Linum Labs in Prague: A technical analysis of Devcon4
An update on past experiences and key learnings
A few members from the Linum Labs team recently represented Molecule and Protea at Devcon4 in Prague. I’m afraid you’re going to have to read the rest to hear about our technical insights, favourite inspirations, and search for Darq consensus!
- Ethereum 2.0 / Serenity: Not Shasper! ;)
- Sharding: a solution to scalability, the state of the Ethereum blockchain is split into shards, reducing the load of computations.
- Casper: Serenity’s proposed Proof of Stake protocol with mechanisms to punish malicious actors.
- ENS names: the equivalent of DNS and web URLs for the Ethereum network — a short link to your personal Ethereum public address, for example, `benscholtz.stateofus.eth`. Download the Status mobile app and get your own!
The road from Devcon3 to Devcon4
Whereas Devcon3 centered around the hype of applications of blockchain for Cryptocurrencies, the Ethereans of Devcon4 matured a lot. Not only was the event incredibly well organized, but presentations centred around popular topics of interest that directly impacted the Ethereum community. Discussions included aspects of scalability, UX and DX that enables mass adoption and the responsibility that we have, as a community, to develop ethical applications and frameworks.
UX reigns supreme
This year the focus was on UX, highlighting meta transactions, human-readable account names from ENS, safe and familiar on-boarding from Universal Logins, and with an added bonus of free UX audits in the Westeria room.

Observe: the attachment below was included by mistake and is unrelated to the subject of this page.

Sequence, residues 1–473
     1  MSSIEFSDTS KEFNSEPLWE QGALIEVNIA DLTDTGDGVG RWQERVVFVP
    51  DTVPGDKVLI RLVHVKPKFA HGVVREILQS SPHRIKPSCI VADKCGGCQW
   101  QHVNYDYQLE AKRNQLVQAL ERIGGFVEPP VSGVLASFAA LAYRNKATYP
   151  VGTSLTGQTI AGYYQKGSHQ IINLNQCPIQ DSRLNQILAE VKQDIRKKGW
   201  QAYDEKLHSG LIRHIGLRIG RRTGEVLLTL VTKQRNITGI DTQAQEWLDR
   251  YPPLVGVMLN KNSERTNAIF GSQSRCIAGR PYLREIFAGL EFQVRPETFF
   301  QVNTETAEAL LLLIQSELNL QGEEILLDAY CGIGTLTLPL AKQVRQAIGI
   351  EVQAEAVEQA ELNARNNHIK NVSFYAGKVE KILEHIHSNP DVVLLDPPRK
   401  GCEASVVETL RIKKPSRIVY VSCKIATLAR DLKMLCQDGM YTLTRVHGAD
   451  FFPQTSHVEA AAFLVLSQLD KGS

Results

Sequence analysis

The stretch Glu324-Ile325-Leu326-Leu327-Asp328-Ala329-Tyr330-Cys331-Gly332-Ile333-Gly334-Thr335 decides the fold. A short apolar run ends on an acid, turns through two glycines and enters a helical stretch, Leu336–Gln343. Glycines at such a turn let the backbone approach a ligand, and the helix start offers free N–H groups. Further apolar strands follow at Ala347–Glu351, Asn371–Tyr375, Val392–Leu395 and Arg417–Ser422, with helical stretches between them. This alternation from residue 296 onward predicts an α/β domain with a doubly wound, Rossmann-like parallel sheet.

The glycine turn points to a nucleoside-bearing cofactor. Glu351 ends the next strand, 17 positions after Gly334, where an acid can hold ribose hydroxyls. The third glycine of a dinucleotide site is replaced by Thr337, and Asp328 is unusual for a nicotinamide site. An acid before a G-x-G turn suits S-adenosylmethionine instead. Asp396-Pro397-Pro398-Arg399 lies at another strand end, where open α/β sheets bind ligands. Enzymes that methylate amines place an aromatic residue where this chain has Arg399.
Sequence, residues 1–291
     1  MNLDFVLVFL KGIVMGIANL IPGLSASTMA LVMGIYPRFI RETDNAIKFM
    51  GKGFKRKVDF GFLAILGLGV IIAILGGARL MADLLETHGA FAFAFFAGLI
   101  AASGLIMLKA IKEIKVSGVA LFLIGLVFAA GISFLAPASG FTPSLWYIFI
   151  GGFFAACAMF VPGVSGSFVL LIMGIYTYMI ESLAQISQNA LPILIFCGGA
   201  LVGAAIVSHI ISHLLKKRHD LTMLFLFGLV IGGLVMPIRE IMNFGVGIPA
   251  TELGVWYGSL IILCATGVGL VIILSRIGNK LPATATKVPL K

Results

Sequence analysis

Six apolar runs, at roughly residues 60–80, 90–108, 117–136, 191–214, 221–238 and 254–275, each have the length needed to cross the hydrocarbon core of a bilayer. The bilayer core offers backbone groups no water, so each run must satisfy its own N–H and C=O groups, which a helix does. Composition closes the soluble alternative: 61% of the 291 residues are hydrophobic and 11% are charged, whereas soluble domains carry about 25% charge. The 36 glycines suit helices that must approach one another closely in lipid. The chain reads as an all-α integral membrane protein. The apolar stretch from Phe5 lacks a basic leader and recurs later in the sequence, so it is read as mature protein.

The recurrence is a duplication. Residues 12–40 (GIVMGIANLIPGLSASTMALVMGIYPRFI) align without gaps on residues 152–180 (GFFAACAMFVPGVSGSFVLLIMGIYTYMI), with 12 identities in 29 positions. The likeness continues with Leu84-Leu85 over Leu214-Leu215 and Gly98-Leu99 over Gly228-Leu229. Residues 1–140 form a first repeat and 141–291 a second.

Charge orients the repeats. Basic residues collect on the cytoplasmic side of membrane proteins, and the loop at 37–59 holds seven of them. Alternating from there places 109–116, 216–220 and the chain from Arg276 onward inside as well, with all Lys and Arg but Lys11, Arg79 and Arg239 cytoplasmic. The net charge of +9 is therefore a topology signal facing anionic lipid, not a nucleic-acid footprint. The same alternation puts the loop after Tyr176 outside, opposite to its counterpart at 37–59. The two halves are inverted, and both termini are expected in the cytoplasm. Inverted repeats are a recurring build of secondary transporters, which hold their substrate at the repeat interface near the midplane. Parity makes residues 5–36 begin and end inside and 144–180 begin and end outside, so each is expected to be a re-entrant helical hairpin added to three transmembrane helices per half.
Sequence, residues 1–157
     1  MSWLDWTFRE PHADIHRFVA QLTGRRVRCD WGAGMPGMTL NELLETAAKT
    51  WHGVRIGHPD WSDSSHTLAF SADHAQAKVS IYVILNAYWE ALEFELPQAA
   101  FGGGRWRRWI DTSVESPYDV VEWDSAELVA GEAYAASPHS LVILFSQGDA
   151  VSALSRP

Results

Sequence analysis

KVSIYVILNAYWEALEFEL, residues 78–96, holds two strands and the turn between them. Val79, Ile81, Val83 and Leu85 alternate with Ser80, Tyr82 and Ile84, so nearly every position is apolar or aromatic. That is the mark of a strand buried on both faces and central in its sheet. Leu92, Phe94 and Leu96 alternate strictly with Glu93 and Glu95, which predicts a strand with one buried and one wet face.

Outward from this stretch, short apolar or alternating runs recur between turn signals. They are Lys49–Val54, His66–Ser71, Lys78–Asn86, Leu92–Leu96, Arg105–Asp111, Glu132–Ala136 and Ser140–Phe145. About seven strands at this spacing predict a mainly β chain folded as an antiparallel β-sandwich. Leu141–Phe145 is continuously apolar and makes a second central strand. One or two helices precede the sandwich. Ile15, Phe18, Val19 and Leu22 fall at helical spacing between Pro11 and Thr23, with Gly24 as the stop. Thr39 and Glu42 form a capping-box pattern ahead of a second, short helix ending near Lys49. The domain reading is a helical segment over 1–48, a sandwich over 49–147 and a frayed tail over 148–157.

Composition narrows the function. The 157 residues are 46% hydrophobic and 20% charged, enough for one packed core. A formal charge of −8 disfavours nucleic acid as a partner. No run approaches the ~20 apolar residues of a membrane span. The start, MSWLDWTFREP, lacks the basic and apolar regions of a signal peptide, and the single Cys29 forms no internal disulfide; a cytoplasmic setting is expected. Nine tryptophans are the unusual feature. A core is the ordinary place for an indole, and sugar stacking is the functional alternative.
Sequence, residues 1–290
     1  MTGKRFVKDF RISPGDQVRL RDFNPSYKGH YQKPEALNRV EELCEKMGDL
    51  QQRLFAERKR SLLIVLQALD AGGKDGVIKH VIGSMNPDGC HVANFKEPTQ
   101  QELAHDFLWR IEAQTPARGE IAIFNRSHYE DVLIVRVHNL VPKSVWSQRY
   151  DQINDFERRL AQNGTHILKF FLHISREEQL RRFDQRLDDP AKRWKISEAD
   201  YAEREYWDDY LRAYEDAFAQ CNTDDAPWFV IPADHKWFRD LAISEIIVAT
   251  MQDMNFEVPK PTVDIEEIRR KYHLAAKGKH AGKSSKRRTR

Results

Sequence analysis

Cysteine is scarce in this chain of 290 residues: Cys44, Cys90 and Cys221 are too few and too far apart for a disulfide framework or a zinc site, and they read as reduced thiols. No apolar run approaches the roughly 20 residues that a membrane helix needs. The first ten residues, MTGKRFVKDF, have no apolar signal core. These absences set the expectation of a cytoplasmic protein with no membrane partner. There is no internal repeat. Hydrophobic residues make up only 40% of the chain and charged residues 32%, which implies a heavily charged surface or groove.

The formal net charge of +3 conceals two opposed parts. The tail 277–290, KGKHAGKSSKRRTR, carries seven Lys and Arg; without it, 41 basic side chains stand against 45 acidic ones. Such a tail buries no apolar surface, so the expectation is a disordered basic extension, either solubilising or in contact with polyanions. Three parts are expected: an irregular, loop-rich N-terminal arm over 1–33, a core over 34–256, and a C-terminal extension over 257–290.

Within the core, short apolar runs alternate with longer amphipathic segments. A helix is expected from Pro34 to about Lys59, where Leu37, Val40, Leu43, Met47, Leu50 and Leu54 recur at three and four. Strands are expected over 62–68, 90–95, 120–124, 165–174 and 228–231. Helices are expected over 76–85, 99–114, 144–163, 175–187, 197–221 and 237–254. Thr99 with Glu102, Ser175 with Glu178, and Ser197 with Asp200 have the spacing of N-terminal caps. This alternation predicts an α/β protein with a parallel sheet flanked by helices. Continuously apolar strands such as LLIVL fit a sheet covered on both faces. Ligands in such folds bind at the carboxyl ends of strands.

With the numerous UX & Identity presentations at Devcon4, there’s a strong drive among dapp teams to bring Ethereum and blockchain to the rest of the world.
Serenity on the horizon
This year, a big announcement was Serenity, the next stage of Ethereum. As intended from the beginning, Ethereum would move from Proof of Work to Proof of Stake. This would allow for faster block times, fewer hardware requirements for nodes, and sharding via Vlad Zamfir’s Casper CBC (correct-by-construction) protocol design approach.
Sharding bridges the gap between the PoW chain and the new PoS chain. The Proof of Work consensus mechanism was a necessary, yet inefficient, step in establishing the Ethereum network, and most other blockchain networks. It has been highly criticized for its big environmental impact, using more power than certain worldwide mining operations.
Devcon4: favourite projects & presentations
Don’t solve a problem just because you can imagine it ~ Stewart Brand
A few of our favourite presentations from Devcon4:
SpankChain — A project that has the potential to change adult entertainment industry and the lives of the people within it. There’s a big focus surrounding online consent and providing banking services to the unbanked.
Universal Login SDK — A ground breaking system for the UX of dapps & account management. It can literally make blockchain technology undetectable to a Web2 user. In summary, it creates an identity contract which acts as a proxy when authenticating your devices with your dapp accounts. The user doesn’t have to worry about private keys, instead the proxy contract handles these.